Book review: A Concise Code of Jewish Law for Converts

Many new parents, this writer included, wore out their copies of What to Expect the First Year. For the parents just starting out, this was their go-to guide to navigate the often turbulent their first year of parenthood.

For the new convert to Judaism, once their conversion completes, they are often left in a whirlwind, with many questions, and often not a whole lot of resource to turn to. They need a similar guide to help them navigate down their newly found religious path.

In A Concise Code of Jewish Law for Converts, (Urim Publications 978-9655242492) Rabbi Michael Broyde (professor of law at Emory University) has written a useful reference that can assist the convert in navigating the often challenging first year and beyond.

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In this monograph, Broyde has a written an extremely helpful resource that can be used by converts to quickly find answers they need on a variety of topics. Broyde has arranged the book around the four sections of the Code of Jewish law, and has encapsulated pretty much every topic that is relevant to a convert. The book discusses the entire lifecycle the convert must traverse; from their relationship with their now non-Jewish family, how to deal with certain texts in prayer, marriage, business dealing and more.

Broyde doesn’t deal with any aspects of an actual conversion or the laws relating to how it works. Rather it deals with the laws relating to how the convert works within from when their conversion commences.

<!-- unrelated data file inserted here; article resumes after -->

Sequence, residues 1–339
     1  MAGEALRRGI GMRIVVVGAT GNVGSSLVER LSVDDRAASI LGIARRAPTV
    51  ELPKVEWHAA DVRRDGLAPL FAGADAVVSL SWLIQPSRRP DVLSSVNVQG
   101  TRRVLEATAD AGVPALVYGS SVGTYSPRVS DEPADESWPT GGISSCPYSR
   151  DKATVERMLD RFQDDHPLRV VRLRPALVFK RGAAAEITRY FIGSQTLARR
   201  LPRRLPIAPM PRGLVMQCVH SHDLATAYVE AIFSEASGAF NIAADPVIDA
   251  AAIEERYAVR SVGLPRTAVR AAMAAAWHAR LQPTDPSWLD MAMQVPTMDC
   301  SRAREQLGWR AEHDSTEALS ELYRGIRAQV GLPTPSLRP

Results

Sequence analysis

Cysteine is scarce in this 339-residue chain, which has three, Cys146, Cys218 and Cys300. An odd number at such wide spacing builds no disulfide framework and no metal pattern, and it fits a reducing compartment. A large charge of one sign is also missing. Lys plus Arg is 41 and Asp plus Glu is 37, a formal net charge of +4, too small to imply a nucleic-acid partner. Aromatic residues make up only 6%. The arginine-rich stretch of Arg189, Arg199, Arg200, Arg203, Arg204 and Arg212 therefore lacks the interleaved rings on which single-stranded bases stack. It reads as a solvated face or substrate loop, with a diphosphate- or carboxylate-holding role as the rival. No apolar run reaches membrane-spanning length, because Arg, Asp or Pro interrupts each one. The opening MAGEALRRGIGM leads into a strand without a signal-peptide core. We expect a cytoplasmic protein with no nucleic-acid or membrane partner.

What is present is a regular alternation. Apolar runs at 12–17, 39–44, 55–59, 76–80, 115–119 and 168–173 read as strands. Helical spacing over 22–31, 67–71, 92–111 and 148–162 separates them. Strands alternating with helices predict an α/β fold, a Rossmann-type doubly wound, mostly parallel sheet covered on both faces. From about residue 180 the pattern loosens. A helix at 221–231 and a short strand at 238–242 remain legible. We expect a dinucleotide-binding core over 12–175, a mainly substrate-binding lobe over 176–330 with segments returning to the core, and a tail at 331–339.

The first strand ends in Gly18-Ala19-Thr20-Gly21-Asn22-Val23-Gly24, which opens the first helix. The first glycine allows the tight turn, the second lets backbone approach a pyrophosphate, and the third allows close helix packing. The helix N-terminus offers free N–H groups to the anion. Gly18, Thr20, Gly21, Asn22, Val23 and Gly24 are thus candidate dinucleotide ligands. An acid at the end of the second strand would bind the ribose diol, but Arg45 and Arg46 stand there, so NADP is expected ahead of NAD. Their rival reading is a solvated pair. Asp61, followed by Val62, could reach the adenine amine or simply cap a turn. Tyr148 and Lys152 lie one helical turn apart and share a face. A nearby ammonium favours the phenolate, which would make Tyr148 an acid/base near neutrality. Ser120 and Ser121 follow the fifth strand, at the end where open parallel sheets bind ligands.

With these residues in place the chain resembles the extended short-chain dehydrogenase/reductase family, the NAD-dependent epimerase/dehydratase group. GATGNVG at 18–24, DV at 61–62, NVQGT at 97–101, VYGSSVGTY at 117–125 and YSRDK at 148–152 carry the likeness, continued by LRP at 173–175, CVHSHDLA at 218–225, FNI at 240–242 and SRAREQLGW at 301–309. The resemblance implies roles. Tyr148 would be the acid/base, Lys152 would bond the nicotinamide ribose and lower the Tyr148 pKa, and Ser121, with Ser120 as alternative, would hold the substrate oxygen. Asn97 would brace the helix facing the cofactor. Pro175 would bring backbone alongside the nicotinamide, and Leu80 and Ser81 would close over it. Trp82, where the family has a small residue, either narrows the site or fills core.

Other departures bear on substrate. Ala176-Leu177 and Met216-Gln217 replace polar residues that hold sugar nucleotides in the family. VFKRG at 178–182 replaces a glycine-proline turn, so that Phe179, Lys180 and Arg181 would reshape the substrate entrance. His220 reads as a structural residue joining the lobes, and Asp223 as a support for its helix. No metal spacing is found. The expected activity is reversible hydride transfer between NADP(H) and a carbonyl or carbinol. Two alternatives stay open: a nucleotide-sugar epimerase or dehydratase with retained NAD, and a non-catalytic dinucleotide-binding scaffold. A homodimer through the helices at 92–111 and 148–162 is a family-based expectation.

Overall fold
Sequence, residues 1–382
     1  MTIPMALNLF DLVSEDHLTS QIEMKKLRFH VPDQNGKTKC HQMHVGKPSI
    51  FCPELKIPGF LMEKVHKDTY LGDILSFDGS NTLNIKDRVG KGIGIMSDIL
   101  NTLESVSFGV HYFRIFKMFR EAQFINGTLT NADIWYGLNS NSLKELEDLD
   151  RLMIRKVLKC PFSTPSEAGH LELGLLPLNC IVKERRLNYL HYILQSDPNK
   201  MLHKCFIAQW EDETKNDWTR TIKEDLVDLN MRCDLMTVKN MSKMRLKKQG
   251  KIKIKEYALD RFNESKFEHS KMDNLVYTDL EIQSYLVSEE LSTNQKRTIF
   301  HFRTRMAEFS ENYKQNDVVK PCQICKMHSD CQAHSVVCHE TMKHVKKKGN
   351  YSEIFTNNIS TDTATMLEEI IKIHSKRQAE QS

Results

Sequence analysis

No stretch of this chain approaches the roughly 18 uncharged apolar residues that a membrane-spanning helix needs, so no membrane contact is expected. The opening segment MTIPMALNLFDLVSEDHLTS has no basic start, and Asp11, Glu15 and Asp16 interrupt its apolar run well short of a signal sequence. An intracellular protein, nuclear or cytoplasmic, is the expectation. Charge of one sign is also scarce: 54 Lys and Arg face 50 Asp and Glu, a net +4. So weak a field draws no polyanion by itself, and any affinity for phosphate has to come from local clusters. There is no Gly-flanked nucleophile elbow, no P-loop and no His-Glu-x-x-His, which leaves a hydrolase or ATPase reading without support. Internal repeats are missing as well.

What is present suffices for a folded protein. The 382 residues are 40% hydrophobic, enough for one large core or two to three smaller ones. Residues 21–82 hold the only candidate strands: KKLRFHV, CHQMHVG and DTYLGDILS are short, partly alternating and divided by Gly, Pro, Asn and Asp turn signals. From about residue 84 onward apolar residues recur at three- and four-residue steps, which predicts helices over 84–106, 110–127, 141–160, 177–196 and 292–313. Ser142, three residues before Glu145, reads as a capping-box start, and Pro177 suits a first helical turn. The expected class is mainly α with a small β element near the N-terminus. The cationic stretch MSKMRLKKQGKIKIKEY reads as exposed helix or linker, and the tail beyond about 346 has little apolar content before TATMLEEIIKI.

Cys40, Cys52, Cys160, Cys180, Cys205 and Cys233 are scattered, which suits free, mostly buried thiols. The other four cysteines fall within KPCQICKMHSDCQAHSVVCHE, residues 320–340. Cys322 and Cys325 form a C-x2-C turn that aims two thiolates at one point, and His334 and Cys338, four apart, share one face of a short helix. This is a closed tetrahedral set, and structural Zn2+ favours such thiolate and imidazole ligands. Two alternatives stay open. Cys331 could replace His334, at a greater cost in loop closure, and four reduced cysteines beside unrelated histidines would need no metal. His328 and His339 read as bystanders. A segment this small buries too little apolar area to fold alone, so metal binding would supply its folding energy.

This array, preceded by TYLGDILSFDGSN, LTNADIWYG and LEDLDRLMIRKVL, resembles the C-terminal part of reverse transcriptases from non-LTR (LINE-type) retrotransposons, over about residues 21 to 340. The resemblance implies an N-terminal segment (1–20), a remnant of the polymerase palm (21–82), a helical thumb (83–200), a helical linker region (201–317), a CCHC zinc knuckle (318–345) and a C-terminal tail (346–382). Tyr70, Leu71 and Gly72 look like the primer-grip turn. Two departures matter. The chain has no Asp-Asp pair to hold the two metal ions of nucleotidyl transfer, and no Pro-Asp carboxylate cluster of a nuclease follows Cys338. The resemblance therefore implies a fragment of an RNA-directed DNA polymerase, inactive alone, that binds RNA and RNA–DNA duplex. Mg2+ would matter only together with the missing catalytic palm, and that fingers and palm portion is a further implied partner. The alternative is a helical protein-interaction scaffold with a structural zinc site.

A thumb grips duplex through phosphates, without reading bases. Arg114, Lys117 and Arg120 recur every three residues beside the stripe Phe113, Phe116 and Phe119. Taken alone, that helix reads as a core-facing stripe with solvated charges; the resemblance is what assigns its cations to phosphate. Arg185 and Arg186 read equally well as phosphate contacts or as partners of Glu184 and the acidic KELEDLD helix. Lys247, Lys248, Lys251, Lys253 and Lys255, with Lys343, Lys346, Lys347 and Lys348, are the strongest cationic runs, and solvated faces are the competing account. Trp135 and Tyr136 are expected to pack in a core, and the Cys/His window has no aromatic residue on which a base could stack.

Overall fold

The book is relevant not just to a convert, but to all member of the Jewish faith. Broyde reiterates the imperative that a convert be made to feel welcome into the overall Jewish community. For the convert, the approach Broyde take is to accept them with a kindler gentler feel. For the community as a whole, Broyde stresses the need to be lenient where feasible, albeit being loyal to halacha at all times. All with the goal of making the convert feel welcome.

Broyde wrote this book to help ensure that the convert finds their proper place within the community. Nothing is more appealing to God than that the convert be welcomed into the community. To which this is a book that should be on the reading list of every member of the Jewish community. Those old, and new.

About the Author
I’m a senior information security and risk management professional, based in New York City. I speak at industry conferences, and write on information security, social media, privacy and technology. My book reviews are on information security, privacy, technology, and risk management. My reviews for the Times of Israel focus on Judaism, Talmud, religion and philosophy.
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